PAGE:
The afternoon session was held at a 20 ha engineered woodlands demonstration site being established on “Glen Avon”. The ex cropping paddock has recently been sown down to sub-tropical pastures and is soon to be planted out to belts of native timber trees established approximately on the contour every 50m or so across the paddock. Justin Kirkby gave a talk relating the paddock history and his aspirations for the paddock which include improvements to the pasture and soil conditions and also a large improvement to shade and shelter. Demonstrations on ground preparation and tree planting were given by staff from Fields Native Nursery during a brief downpour of rain. This was followed by an informative presentation by Bob McGufficke (NSW
Department of Primary Industries) on the establishment practice and variety choices of sub-tropical pastures.

“Glen Avon” is the home property of the Amarula Dorper stud. Dorper sheep were on display during the lunch time session and most attendees agreed that the lunch of Dorper lamb steak sandwiches capped off a most informative day. Funding from the Border Rivers/ Gwydir Catchment Management Authority and the Northern Inland Forestry Investment Group made the field day and the engineered woodland project possible. For more information go to www.nio.com.au and use the forestry link.

Project co-funded by Border Rivers-Gwydir CMA, Namoi CMA, and Northern Inland Forestry Investment Group.

Fifteen landholders have agreed to become part of the project with trial sites ranging from 10 ha to 40 ha. They are located at Kentucky, Wollun, Woolbrook, Uralla, Armidale and Guyra on the tablelands, and at Duri, Loomberah, Gunnedah, Bingara, Gravesend and Inverell on the slopes and plains. In total there will be more than 250 ha of new Engineered Woodlands in the region.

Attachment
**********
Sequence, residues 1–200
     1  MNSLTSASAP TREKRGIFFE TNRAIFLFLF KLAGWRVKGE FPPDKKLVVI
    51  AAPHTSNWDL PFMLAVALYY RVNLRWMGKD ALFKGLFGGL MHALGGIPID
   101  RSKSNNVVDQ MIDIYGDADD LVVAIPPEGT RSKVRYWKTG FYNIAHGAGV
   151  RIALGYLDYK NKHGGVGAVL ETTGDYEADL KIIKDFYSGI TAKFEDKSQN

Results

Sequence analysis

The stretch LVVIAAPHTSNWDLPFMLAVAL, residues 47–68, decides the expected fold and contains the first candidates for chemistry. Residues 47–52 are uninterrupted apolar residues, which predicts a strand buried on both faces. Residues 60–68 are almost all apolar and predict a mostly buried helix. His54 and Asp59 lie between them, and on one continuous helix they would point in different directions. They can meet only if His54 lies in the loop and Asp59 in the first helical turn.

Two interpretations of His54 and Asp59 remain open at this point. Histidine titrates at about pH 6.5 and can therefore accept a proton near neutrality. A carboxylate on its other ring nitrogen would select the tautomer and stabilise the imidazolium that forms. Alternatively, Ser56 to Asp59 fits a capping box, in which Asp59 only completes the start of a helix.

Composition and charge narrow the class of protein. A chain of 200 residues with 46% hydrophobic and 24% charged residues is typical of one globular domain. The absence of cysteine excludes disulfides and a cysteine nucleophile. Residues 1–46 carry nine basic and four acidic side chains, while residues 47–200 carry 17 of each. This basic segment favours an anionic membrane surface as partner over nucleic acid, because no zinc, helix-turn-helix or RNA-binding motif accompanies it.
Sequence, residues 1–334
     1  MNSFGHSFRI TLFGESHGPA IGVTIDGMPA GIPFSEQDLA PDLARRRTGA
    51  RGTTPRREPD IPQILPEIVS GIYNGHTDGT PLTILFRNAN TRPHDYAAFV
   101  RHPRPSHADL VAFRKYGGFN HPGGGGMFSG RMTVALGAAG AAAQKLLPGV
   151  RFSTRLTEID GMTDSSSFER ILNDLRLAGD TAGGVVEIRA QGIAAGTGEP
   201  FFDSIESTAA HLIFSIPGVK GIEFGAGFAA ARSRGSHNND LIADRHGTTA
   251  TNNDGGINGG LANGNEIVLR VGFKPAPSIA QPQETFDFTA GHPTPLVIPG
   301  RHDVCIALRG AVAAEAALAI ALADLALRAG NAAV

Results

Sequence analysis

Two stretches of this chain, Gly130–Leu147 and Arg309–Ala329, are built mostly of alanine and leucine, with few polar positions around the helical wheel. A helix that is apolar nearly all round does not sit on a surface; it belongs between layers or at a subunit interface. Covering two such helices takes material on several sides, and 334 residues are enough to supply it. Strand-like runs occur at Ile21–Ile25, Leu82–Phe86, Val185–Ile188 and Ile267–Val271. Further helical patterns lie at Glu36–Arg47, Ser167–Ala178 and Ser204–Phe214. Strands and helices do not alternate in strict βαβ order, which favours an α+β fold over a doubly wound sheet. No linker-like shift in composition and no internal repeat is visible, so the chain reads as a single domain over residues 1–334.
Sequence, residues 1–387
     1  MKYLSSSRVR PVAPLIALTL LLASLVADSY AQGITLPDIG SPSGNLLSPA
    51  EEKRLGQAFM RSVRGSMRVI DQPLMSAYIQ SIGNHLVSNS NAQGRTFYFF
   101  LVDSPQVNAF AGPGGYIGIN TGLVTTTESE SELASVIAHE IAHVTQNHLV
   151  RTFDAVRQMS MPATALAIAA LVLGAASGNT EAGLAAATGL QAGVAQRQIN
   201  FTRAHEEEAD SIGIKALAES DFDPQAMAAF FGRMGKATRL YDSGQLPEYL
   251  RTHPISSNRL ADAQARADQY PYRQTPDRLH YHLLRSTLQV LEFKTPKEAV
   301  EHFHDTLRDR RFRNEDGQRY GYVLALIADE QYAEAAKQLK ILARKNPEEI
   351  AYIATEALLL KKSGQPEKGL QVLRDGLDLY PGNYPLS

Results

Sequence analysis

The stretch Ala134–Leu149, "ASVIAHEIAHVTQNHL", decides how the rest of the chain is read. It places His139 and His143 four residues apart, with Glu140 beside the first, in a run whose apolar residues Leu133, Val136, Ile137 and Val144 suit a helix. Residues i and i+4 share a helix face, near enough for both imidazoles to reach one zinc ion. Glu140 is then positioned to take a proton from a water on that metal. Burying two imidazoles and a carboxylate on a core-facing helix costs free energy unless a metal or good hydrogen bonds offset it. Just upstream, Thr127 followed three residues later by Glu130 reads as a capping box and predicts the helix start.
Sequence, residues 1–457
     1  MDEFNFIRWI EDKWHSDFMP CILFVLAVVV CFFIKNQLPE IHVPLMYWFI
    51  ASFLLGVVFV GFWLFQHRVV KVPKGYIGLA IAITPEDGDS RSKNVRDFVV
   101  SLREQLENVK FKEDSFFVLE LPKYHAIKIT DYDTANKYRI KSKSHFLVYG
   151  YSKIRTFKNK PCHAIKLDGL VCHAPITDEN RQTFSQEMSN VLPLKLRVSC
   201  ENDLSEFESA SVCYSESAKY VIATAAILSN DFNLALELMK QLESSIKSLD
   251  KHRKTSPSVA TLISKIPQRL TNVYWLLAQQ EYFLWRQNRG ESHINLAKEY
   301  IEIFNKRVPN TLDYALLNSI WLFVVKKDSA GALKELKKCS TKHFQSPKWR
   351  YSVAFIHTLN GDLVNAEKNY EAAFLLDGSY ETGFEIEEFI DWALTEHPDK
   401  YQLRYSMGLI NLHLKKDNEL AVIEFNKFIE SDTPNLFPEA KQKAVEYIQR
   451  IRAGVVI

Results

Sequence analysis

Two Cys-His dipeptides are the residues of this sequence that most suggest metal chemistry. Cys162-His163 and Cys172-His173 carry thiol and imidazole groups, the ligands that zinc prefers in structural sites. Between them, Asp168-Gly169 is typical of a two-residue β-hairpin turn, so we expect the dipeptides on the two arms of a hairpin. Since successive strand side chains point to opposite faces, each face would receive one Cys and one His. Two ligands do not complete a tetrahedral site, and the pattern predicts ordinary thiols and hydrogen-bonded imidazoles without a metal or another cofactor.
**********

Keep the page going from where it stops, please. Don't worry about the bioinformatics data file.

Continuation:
For further information relating to Engineered Woodlands, Shane Andrews Project Coordinator, Northern Inland Forestry Investment Group, can be contacted on 0427 753 808.

Case Studies of Recently Completed Projects/events

Case Study - 'Let's Bust It'

Case Study - Mythbusting Organics

Case Study - Upper Bingara Riparian Restoration

 

 

 

 

   Farms in Focus

 

The farms in focus brochurs have been developed to showcase some of the interesting and unknown activites that families and businesses have undertaken throughout the Gwydir region. Take a look at what has been going on in our area...

 

 

 

 Increasing Carrying Capacity: Ian and Debora Armstrong, 'Arabanoo', Bingara NSW >> PDF

 

 

 

  Rejuvenating Beaufort: John and Jill Herring, 'Beaufort', Bingara NSW >> PDF 

 

 

 

  There Has To Be a Better Way: Ran and Jenny Mitchell, 'Leyland', North Star, NSW  >> PDF

 

 

 

  Maintaining The Balance: Don, Gay and Jason Mack, 'Mitiamo' and 'Berrybank', Bingara, NSW  >> PDF

 

 

 

A Showcase of Future Agriculture: The Living Classroom, Bingara, NSW >> PDF